Changes are afoot at Patheos.com — at the Evangelical Portal — and at Philosophical Fragments. In brief:
Patheos has unleashed its new design – check it out. Better image and video capacity, a more intuitive architecture, more advanced tools that will keep you abreast of other content at the site. Some of the most interesting developments are still to come. Visit the homepage, visit the Library, the Faith and Family space, Patheos Press, and the Book Club. Let me know what you think. The greatest sources of traffic at Patheos are the blogs, but until now the blogs have not been promoted on the site as well as they should be. Sometimes changes takes some getting used to, but I think you’ll enjoy the changes.
The Evangelical Portal is going through a re-envisioning process. I want to rebrand it (the “Evangelical Portal” has never been an inspiring identity), reposition it (many of our most prominent bloggers are left-of-center, and I’d like to have more content representing the vast middle of American evangelicalism, which is center-right), and relaunch it with an expanded (yet more focused) set of writers. There will be much more to say about this in the weeks and months to come, but I’m presently reaching out to potential sponsors, partners and investors who could get behind the vision of developing a better forum for, and representation of, the evangelical mind. American Catholics have developed an excellent tradition of thoughtful, critical, creative Catholic reflection (think Neuhaus) on matters of society and politics. Evangelicals by and large have not. The aspiration for the new Evangelical Portal (in its new, rebranded form) will be to form a kind of Op Ed page for evangelical America, an instrument to cultivate a better conversation amongst evangelicals on issues of society, public policy, science and the like.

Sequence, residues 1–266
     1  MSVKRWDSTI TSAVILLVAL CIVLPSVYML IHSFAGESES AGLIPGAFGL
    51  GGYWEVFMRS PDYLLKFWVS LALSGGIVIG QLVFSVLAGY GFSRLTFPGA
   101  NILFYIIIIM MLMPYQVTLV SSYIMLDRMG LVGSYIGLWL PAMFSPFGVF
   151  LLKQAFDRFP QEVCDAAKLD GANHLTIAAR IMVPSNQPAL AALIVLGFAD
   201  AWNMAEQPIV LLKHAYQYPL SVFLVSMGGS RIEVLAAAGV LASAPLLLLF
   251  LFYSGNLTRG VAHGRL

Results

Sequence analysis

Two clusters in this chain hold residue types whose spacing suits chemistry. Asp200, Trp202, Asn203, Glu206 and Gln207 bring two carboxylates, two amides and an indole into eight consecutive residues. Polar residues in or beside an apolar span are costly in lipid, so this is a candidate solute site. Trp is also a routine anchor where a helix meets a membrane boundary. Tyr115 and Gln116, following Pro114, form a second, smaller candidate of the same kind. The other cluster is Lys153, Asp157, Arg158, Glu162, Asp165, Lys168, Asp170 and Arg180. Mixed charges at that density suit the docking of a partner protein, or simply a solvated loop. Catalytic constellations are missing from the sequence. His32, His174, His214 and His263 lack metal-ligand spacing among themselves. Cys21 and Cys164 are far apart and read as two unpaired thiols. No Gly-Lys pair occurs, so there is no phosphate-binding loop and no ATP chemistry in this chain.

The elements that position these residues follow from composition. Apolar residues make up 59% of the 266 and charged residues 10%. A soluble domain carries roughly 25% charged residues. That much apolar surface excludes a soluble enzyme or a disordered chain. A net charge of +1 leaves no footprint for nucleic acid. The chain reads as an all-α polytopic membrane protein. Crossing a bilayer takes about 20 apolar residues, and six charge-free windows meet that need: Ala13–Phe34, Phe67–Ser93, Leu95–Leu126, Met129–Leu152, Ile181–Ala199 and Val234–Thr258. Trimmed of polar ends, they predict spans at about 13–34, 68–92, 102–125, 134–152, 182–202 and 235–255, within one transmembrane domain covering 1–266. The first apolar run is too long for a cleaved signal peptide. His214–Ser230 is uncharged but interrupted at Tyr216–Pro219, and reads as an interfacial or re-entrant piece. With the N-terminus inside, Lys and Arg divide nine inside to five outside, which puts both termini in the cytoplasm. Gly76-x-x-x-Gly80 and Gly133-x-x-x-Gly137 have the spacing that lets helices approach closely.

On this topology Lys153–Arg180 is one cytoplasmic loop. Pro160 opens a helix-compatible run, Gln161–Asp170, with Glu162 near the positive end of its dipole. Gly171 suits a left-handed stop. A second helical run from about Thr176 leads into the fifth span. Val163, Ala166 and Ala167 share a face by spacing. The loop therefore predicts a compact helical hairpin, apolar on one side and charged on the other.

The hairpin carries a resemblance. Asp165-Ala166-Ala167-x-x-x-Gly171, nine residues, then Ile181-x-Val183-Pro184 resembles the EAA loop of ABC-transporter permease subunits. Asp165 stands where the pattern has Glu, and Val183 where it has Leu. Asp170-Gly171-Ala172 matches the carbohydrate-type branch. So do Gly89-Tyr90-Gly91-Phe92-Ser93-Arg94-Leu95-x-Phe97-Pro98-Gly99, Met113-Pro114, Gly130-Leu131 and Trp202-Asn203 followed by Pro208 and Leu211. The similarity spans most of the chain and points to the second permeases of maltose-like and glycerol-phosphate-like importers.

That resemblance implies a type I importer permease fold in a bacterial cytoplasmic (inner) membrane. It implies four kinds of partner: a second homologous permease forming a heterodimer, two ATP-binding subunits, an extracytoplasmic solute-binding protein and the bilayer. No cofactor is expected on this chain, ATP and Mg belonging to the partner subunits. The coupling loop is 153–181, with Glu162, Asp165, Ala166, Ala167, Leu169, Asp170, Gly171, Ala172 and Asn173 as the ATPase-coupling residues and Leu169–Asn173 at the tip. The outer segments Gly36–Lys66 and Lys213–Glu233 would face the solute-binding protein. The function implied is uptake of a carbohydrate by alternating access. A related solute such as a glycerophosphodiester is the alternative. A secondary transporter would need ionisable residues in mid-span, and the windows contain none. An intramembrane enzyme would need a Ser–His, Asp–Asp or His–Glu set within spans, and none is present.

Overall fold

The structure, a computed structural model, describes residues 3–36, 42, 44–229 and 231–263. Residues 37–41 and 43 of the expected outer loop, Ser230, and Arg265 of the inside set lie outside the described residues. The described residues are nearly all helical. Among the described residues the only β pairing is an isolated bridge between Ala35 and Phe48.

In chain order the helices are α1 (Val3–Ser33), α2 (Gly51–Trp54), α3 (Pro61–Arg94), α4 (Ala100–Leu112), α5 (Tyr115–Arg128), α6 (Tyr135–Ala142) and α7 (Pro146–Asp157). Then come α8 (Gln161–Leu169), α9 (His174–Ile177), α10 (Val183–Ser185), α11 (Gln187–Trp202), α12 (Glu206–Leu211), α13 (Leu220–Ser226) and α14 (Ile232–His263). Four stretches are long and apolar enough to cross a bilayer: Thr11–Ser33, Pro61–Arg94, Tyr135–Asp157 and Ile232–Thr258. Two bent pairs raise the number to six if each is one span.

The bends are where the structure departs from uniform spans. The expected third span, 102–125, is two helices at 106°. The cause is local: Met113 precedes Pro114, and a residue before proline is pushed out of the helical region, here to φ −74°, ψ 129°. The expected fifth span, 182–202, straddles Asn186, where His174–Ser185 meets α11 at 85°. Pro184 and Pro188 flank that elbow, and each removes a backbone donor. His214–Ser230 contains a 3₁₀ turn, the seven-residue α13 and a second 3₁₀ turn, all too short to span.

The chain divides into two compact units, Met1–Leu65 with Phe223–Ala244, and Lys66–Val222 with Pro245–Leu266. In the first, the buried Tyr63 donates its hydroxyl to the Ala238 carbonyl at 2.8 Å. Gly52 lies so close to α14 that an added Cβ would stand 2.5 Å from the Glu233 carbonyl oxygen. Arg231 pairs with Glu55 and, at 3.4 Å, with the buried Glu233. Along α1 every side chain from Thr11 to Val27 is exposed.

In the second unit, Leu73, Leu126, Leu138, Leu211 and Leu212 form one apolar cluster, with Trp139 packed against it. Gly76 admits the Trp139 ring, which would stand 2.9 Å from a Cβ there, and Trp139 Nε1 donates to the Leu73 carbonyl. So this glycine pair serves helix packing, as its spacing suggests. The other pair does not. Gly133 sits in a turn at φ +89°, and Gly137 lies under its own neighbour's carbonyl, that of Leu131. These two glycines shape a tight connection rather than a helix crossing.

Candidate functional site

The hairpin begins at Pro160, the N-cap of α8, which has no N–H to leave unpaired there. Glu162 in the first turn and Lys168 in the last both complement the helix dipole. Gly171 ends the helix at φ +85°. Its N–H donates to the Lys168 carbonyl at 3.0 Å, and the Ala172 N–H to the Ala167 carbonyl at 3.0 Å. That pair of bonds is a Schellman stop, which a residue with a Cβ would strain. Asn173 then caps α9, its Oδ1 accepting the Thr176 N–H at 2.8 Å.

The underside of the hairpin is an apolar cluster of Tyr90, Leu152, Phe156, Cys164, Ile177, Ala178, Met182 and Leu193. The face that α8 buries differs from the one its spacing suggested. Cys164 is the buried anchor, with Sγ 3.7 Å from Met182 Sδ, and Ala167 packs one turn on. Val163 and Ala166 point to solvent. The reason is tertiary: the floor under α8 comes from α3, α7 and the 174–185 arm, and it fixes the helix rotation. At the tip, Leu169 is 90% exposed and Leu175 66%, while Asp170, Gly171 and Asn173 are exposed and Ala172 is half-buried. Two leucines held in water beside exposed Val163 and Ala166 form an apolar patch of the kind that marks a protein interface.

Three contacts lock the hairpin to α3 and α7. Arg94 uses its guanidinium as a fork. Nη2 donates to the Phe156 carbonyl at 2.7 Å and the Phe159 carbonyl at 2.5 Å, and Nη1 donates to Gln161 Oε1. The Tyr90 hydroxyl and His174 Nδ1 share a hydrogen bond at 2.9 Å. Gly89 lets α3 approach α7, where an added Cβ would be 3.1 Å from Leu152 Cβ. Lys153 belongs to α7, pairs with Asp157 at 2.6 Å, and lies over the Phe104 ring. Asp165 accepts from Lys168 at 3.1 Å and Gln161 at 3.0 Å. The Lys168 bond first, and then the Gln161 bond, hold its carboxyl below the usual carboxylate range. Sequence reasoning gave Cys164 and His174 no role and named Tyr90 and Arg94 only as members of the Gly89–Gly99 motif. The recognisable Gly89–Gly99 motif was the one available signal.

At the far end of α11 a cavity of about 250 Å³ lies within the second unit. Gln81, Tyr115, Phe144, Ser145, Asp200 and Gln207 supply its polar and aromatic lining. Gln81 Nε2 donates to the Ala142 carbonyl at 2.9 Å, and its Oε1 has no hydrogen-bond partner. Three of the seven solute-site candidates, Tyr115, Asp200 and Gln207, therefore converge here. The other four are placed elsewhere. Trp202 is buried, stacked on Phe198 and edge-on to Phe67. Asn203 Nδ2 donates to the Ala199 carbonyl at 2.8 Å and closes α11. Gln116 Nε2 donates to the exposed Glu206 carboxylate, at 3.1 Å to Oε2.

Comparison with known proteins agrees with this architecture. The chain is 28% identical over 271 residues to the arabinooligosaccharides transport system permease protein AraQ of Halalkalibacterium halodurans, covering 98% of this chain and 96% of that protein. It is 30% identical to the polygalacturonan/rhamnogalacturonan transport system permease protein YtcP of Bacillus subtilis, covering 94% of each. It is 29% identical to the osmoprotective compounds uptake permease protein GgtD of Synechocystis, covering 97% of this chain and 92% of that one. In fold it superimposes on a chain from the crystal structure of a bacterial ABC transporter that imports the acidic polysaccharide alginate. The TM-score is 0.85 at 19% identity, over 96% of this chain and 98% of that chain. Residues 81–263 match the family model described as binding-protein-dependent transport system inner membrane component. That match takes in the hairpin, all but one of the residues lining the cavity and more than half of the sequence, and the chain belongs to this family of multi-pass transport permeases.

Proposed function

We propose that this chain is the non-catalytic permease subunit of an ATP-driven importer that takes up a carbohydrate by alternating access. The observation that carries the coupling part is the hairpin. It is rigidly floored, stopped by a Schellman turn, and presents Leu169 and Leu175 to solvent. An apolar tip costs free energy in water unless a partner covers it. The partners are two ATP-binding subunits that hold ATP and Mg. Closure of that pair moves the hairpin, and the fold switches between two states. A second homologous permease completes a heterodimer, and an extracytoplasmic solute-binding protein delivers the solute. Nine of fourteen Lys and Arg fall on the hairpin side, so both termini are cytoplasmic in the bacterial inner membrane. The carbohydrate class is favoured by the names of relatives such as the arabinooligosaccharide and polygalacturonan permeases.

I’ve become convinced in recent weeks, however, that this can be a helpful, clarifying limitation. The intention for this blog was originally to write more “fragmentary” pieces — one-paragraph pieces that offer different angles, creative thoughts, helpful distinctions for the ways in which we understand faith, culture and public policy. So what you’ll see at Philosophical Fragments, beginning tomorrow, is a Daily Fragment (a brief thought, never more than a single paragraph, which can never be more than ten or twelve lines, TBD), a Daily Link (which may sometimes have some framing text, but no more than five sentences), and a weekly column that can be up to 1200 words (I’ll choose a day and title). After I’ve published some content along these lines, I’ll rearrange the blog to make the content more accessible in those forms.
So, tune in tomorrow for the new regime of Philosophical Fragments!